William Van Meter’s interview with Futura 2000 for Artnet is full of memorable details. When asked about his role in the early 80s downtown art scene in Andrew Rossi’s unexpectedly poignant docuseries The Andy Warhol Diaries, he candidly acknowledges that he felt uncomfortable in that world due to homophobia. “I was batting eighth on a starting lineup,” he claims (inaccurately) as he compares himself to Jean-Michel Basquiat and Keith Haring. He reminisces on his days as a bike messenger — shades of Quicksilver — and his role as a designer for Mo’Wax. Sadly, the piece doesn’t mention his visual work for Celluloid and his goofy but fun 1982 single, “The Escapades of Futura 2000.”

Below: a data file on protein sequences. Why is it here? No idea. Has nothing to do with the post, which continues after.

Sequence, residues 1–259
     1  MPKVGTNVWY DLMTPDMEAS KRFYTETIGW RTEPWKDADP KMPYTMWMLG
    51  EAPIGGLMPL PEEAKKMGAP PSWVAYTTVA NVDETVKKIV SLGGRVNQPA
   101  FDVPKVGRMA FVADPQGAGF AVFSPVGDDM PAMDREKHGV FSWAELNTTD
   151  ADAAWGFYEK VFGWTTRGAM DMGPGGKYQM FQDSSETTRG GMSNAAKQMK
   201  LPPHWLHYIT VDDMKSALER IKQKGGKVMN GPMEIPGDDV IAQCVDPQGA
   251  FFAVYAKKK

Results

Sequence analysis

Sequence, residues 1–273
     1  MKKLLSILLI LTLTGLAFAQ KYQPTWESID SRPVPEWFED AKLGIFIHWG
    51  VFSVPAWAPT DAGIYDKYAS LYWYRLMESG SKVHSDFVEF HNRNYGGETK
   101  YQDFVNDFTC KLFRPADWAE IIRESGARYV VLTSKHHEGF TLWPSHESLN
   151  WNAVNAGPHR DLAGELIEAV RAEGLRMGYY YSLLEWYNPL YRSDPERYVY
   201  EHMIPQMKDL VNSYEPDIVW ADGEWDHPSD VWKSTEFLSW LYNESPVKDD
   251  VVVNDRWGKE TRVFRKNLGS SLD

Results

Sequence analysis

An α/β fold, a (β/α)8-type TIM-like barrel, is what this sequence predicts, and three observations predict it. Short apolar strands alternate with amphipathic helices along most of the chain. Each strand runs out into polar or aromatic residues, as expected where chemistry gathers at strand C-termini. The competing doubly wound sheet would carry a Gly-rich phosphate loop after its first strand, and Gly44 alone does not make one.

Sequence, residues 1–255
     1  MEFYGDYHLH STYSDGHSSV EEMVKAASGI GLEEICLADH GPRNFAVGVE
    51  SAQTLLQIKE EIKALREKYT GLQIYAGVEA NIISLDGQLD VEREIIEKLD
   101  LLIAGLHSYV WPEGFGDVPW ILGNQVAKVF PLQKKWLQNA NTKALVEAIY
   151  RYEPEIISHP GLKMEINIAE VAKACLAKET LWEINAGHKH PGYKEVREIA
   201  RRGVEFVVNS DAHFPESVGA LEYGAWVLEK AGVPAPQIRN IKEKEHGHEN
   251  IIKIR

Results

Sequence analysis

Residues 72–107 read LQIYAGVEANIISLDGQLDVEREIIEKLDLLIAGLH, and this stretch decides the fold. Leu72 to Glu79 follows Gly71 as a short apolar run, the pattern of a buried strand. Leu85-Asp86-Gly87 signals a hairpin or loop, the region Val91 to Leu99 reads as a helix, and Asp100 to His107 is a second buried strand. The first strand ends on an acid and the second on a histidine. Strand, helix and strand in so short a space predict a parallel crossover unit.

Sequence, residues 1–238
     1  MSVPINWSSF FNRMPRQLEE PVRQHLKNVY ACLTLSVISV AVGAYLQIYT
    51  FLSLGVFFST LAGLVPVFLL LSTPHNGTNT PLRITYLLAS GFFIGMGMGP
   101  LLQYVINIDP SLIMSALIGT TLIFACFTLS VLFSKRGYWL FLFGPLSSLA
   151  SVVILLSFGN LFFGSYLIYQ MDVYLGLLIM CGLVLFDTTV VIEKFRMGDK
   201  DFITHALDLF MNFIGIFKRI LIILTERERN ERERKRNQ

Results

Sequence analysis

By 1990, hip-hop culture had inspired regional scenes across the United States. A series of maps attempted to mark the changes.